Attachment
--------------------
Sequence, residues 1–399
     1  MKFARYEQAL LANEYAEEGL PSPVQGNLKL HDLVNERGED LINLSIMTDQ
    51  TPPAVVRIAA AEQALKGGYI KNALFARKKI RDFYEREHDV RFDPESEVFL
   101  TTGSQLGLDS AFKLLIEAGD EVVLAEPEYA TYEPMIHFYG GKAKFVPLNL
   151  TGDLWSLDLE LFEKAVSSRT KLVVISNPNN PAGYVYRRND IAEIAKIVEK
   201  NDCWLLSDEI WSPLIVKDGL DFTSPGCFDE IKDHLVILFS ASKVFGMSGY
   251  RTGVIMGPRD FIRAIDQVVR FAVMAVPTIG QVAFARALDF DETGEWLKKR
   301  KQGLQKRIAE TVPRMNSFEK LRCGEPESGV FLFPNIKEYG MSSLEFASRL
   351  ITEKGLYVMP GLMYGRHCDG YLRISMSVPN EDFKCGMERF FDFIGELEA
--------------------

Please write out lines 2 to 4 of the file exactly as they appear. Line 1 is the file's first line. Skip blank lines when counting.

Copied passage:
     1  MKFARYEQAL LANEYAEEGL PSPVQGNLKL HDLVNERGED LINLSIMTDQ
    51  TPPAVVRIAA AEQALKGGYI KNALFARKKI RDFYEREHDV RFDPESEVFL
   101  TTGSQLGLDS AFKLLIEAGD EVVLAEPEYA TYEPMIHFYG GKAKFVPLNL